Some researchers expressed disappointment about the limitations of reverse image searches. A small number complained specifically about results provided by Google Reverse Image Search — One person wrote: “it changes the picture into text description and searches by that” pointing out that this tended to not provide helpful results. Some also thought the quality of the results had decreased over time. Other online researchers found that reverse image search techniques in general – not only Google’s – did often not provide useful results.

Other respondents pointed out that tools that are not clear about what they can do and what they are not able to do slowed them down. “There have definitely been occasions where a tool has seemed like it might have the functions needed but then doesn’t. So there is time spent in watching limited tutorial videos or searching through limited documentation, installing and/or bug-shooting packages, only to find that it doesn’t have the function you’ve ultimately been searching for”, one person wrote.

Finally, unmaintained tools were also seen as a factor that can slow down the work of researchers.

Open Source Challenges

We asked respondents to share the aspects of their work that they find most challenging. They described these challenges in their own words, which we then categorised into common themes.

Only challenges that were mentioned at least five times were included in this list.

Forty-nine out of the 525 participants described verification of online sources – that is, the whole field of photo and video verification – as their biggest challenge. Some specifically mentioned the difficulties in verifying where a photo or video was originally posted online or ways to check the trustworthiness of websites.

In a similar vein, many researchers indicated that they struggle with finding reliable and high quality sources – whether websites or individual content producers. “Knowing where to look, what sources to trust, particularly if it is a new area for me”, one explained.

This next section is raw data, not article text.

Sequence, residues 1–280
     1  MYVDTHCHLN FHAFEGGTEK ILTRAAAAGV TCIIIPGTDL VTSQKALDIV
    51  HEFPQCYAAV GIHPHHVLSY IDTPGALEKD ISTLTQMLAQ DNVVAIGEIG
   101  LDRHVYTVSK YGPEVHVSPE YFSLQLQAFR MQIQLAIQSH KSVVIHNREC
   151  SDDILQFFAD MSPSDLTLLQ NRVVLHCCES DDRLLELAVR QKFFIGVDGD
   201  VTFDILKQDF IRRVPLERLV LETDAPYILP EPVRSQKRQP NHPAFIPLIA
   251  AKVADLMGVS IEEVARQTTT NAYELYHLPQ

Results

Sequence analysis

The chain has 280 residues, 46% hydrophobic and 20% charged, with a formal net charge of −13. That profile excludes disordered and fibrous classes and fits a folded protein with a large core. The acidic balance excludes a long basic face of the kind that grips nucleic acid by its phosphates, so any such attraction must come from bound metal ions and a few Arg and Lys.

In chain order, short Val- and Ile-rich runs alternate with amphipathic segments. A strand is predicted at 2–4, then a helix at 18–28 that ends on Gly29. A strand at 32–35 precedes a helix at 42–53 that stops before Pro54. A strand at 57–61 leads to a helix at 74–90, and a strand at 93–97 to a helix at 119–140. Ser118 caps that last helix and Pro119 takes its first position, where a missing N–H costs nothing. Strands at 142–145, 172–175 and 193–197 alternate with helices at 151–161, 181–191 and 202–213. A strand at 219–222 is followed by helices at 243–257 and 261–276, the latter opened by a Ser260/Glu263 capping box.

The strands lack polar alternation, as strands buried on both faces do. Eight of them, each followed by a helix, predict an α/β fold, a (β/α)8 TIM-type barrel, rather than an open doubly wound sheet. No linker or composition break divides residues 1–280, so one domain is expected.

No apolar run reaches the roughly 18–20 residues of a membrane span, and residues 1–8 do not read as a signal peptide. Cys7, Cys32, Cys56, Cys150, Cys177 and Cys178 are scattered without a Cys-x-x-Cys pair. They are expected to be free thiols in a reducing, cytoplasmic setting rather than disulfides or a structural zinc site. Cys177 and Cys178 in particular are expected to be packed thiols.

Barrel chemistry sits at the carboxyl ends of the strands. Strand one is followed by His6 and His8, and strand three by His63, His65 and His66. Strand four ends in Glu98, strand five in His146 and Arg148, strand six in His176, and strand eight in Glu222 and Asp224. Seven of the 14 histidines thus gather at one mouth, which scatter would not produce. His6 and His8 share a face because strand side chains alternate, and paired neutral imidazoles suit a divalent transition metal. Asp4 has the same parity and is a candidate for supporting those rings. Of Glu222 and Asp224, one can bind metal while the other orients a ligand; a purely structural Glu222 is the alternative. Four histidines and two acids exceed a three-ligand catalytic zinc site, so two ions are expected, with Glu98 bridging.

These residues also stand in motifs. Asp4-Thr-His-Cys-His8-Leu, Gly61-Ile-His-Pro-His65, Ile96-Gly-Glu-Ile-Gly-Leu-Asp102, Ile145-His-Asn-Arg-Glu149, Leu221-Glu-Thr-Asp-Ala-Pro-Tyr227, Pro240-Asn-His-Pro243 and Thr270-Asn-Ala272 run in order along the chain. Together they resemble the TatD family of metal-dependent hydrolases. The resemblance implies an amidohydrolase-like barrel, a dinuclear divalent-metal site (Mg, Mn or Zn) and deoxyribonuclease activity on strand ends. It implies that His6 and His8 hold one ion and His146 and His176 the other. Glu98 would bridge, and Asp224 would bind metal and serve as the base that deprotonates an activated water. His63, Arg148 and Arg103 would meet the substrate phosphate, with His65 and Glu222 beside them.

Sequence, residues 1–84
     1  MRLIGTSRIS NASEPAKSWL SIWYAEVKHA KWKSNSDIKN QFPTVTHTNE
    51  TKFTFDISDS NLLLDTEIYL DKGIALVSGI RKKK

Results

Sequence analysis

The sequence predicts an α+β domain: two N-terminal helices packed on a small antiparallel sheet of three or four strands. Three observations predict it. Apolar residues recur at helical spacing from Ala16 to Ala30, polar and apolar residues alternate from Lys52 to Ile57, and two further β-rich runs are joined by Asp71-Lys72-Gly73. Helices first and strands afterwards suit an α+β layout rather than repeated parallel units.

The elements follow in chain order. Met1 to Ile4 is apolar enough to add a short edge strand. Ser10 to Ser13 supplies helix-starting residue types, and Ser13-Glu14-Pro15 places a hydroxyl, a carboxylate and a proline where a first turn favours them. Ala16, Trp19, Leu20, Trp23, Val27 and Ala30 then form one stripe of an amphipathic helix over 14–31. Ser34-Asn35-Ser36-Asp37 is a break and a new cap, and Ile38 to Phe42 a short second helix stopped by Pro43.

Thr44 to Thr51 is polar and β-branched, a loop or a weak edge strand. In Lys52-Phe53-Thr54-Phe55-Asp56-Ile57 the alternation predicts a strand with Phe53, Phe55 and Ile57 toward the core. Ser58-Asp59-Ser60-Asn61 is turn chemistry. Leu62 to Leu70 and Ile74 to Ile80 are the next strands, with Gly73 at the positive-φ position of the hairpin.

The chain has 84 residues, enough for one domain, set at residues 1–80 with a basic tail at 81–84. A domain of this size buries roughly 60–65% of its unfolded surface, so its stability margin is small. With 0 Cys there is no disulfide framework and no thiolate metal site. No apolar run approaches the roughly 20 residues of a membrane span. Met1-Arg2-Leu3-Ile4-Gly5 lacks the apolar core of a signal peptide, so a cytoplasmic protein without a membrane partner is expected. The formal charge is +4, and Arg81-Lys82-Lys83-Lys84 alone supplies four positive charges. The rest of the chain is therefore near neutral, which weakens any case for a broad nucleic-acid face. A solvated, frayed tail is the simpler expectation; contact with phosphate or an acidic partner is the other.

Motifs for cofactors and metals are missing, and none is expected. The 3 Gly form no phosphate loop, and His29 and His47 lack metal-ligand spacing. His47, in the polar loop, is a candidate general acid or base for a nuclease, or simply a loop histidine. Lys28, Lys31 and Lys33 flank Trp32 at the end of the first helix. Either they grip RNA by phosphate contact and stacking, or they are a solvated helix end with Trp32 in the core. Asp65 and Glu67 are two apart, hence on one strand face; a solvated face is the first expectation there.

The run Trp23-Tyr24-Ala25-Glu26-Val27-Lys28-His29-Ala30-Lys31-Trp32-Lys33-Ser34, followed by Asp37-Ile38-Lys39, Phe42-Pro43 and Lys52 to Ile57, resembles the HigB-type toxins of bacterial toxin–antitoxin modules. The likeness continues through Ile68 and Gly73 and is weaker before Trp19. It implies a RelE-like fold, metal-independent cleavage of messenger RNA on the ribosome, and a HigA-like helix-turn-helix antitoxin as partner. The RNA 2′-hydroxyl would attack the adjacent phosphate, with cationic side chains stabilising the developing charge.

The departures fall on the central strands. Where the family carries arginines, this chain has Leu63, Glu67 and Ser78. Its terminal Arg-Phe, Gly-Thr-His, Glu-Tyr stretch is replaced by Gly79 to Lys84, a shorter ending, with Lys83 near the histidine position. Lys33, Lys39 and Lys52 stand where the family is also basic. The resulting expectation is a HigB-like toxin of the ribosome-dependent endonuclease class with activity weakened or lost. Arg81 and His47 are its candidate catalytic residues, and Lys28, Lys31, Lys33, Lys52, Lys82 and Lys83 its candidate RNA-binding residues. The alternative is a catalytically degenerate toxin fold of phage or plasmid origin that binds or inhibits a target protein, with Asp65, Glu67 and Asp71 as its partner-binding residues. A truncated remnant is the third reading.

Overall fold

Respondents also wrote that they struggle to find sources of data which are both free to access and up to date.

A frequent concern was the large amount of information with which researchers are confronted. “Too much information in too many places, too many results”, one respondent wrote. Other researchers described that due to “the sheer volume of information” they tend to get lost or are not sure what to focus on.

In addition, researchers felt overwhelmed by the task of identifying the right tools for their research. “I often face trouble remembering and navigating through the wide variety of tools available”, one person explained. Even when they found useful tools, another wrote, it was hard to know how to choose between them.

Translations also featured in these responses. On one hand, researchers found limitations when looking for online translation services for less widely used languages. They also complained of poor quality translations for some larger languages such as Arabic. On the other hand, even when they had success, researchers still encountered challenges searching for the translated phrases — they feared that certain nuances or connotations may have been lost in translation, affecting the search results.

Respondents also wrote that it was difficult to organise information they had discovered. They wanted the ability to collect online sources of various formats in one place, so as to keep track of their ongoing research or to later revisit it. One person wrote: “I have images saved on my photos, screenshots saved in photos, other info saved as pdf in the Books app, and so on. One tool for all would be great.”

Others felt limited due to their lack of coding skills. In some cases, this hampered their ability to automate a certain step of their research workflow. Several researchers saw the need to use command line tools but did not know how. “Not knowing how to code or interact with code, Github is useless for me and it’s my mistake honestly, I need to get a hold of this”, wrote one respondent.

Another obstacle was the perceived lack of time to conduct research. As one respondent put it: “So much data, so little time”. Another found it particularly challenging to make “crucial decisions for the rest of the investigation based on time management/time”.

A further challenge was a perceived lack of online research experience.

Some respondents also said they struggled with making sense of the online information they collected, or “connecting the dots between the scattered info”.

Other respondents found it difficult simply knowing where to start with an online investigation.